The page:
Neisseria meningitidis is usually cultivated in a peptone-blood base medium in a moist chamber containing 5-10% CO2. All media must be warmed to 37 degrees prior to inoculation as the organism is extremely susceptible to temperatures above or below 37 degrees. This trait is rather unique among bacteria. Also, the organism tends to undergo rapid autolysis after death, both in vitro and in vivo. This accounts for the dissemination of lipopolysaccharide (endotoxin) during septicemia and meningitis.

The organism tends to colonize the posterior nasopharynx of humans, and humans are the only known host. Individuals who are colonized are carriers of the pathogen who can transmit disease to nonimmune individuals. The bacterium also colonizes the posterior nasopharynx in the early stages of infection prior to invasion of the meninges. Most individuals in close contact with a case of meningococcal meningitis become carriers of the organism. This carrier rate can reach 20 percent of the contact group before the first case is recognized, and may reach as high as 80 percent at the height of an epidemic.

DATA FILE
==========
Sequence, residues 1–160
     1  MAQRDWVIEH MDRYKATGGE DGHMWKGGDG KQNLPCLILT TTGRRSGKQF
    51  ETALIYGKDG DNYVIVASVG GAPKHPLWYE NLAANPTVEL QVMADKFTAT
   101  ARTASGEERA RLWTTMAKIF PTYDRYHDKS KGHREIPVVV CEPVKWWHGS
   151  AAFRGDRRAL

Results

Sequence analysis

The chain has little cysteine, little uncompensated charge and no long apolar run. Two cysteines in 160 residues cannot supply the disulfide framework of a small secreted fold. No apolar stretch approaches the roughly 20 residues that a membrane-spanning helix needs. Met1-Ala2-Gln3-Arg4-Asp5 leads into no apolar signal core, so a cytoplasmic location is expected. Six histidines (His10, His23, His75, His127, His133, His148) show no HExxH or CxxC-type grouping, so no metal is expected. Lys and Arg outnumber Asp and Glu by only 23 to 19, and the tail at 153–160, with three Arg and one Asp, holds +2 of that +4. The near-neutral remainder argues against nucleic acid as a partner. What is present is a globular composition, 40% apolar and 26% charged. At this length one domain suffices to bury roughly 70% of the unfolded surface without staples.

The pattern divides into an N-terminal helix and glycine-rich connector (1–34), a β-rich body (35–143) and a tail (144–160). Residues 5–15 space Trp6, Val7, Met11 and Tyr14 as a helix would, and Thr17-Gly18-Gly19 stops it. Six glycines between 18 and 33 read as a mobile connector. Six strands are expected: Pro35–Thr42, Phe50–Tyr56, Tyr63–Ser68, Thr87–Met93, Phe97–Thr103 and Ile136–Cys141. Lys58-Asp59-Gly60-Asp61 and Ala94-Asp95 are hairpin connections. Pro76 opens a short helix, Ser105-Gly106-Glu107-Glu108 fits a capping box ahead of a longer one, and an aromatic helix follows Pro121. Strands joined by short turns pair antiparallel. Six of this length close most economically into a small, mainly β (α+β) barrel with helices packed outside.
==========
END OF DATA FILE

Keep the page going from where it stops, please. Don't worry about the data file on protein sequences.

Structure and Classification

The only distinguishing structural feature between N. meningitidis and N. gonorrhoeae is the presence of a polysaccharide capsule in the former. The capsule is antiphagocytic and is an important virulence factor.